The Energy Task Force follows the Corona Task Force. Both signify a unique situation. Both show that the crises of the time did not leave Berlin’s universities untouched. The same is true of the energy crisis that is currently affecting the daily life of universities. In order to counteract this as well as possible, you need to act quickly.
The management of the Berlin University of Technology (TU) has already announced “immediate measures to save energy”. Already in 2021, a large part of TU’s budget contributed to heating costs of around 19 million euros, it said on request. The university is preparing for further “dramatic price increases”. One of the activities discussed in the task force established a few days ago is the reduction of energy costs.
So freezing during the lecture? It’s not that far yet. Nevertheless, “lowering the room temperature” is conceivable, says a TU spokeswoman. In addition, heating costs are to be saved by closing buildings between Christmas and New Years – a measure that FU introduced many years ago.
According to a spokeswoman for TU, it is not only short-term measures that decide. Instead, the university sees itself as having a responsibility to ‘stop climate change’.
Subsidies for heating from the Senate are expected
A task force has also been established at Humboldt University in Berlin (HU) to monitor the development of energy and gas supplies. HU is concerned that teaching cannot be prevented by rising energy costs. – In this case, however, we assume that the country will make a special allocation – explains the spokeswoman for HU. A subsidy for heating is therefore expected from the Senate.
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Freie Universität (FU), which internally declared a climate emergency in 2019 and is committed to climate neutrality and sustainable development, considers itself well prepared for the current energy crisis. A spokesman explains that energy consumption in 2021 was 30 percent lower than in 2000/2001, despite rising student numbers and rising spending.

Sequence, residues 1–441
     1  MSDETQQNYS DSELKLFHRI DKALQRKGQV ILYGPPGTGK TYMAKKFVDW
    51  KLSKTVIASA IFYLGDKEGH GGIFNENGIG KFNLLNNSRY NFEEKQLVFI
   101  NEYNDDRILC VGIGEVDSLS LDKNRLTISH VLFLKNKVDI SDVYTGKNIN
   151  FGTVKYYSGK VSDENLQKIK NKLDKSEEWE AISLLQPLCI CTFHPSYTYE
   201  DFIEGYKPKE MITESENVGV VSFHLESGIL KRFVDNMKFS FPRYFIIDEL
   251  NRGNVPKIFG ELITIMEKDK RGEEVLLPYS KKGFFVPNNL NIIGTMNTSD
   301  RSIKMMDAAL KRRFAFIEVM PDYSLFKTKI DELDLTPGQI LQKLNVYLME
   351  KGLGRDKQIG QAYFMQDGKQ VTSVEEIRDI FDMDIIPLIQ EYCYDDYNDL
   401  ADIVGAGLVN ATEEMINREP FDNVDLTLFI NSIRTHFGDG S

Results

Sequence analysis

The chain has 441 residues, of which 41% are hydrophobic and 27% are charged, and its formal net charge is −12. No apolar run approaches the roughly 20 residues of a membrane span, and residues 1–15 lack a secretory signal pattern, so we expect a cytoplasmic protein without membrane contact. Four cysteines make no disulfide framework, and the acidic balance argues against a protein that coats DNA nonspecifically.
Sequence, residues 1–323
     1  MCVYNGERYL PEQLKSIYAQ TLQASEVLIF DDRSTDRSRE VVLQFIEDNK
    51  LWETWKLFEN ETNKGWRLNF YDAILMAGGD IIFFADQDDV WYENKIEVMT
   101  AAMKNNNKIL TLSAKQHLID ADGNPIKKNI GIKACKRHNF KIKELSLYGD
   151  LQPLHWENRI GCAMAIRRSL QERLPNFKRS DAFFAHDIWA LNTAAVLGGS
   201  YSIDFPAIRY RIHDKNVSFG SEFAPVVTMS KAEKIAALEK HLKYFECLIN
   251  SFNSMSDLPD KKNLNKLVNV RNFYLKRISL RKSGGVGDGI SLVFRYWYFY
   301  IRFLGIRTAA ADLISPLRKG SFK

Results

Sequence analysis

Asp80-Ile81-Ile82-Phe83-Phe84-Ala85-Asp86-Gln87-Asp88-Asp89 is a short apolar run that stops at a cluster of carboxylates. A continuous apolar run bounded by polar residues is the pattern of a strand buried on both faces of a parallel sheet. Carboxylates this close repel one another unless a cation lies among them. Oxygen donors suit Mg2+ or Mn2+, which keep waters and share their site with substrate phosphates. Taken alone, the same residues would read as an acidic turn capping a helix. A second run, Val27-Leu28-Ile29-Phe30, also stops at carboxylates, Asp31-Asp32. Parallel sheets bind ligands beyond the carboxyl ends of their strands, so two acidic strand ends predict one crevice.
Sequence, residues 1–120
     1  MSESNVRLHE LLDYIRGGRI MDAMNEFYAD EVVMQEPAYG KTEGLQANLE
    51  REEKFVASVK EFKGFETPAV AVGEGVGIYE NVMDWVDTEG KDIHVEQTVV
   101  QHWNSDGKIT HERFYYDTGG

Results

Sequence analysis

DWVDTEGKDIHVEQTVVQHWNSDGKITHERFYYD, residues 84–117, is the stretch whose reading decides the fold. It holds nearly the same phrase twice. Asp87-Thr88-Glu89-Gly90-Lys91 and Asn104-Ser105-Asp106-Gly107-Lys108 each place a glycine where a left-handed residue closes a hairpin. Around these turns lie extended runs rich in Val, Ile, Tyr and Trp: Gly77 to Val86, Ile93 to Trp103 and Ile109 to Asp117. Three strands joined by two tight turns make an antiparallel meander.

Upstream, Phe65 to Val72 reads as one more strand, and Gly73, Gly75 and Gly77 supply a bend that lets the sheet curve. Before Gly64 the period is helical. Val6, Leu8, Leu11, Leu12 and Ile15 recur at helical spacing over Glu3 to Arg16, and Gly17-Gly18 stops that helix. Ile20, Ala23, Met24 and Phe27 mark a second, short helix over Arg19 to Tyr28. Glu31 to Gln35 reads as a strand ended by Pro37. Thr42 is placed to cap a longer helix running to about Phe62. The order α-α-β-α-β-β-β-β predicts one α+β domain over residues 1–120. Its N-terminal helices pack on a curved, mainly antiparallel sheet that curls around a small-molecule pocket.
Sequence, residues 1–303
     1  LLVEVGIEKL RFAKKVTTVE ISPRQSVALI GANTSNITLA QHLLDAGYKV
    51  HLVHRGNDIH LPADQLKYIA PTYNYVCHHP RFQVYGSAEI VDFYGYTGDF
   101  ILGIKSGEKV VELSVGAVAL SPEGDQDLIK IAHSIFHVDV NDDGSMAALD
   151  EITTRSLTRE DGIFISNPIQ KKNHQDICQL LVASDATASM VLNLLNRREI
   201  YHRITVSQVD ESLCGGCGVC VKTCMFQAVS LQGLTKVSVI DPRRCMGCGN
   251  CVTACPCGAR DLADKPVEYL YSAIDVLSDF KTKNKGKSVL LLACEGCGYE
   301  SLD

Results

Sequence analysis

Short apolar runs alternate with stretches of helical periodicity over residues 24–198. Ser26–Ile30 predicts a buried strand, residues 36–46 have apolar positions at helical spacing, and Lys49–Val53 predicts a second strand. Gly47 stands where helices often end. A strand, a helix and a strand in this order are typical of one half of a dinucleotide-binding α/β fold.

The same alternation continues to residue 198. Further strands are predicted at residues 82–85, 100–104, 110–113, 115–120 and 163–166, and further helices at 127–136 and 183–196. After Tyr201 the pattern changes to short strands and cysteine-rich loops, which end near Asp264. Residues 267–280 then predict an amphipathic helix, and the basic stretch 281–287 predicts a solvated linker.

Now the working group should develop a contingency plan in consultation with the FU Bureau. There are no concrete new measures yet.
The University of Applied Sciences (HTW) has also taken precautions: With its own roofs in mind, the University of Applied Sciences looks confidently into the coming months. “Over the past two years, we have installed huge amounts of solar farms on the roofs,” explains HTW CEO Carsten Busch. In addition, the university is already on its way to climate neutrality.
In addition, HTW has been teaching and researching topics such as environmental management and renewable energy for decades, emphasizes the president. More and more new research areas are focusing on sustainable development, such as “Sustainable Smart Cities” with 17 professors.
[Gestiegene Energiekosten: Einen Überblick über die Entlastungspakete der Bundesregierung finden Sie hier]
According to Busch, people also learned from the previous Corona semesters how to deal with crises. Today, as then, our focus is on teaching as smoothly as possible.
Charité also wants to ensure smooth processes and teaching activities are not threatened in the short term by an energy crisis, she said on request. The applicable university contract, however, does not take into account the increased costs. To prevent Charité from having to take “restrictive measures,” she hopes to get compensation from the state, a spokesman says.
In tackling the energy crisis, however, it also relies on the personal responsibility of employees to reduce energy costs in the long term. For this reason, Charité co-initiated the “Climate Saver – Life Saver” campaign, in which university hospitals from all over the country participate.
This is motivated by the staff, among others to climb stairs instead of using an elevator, avoid being awake, or have adequate ventilation. The buildings are currently being checked for their energy condition and optimized if necessary, explains the press office. A spokesman explains that the Charité also depends on additional state funding to adequately renovate the building.
A cross-section of Berlin’s higher education landscape shows that the energy crisis will affect and change institutions. Time will tell what concrete measures will be recommended by rapidly appointed task forces and how thick university sweaters will have to be in the fall and winter.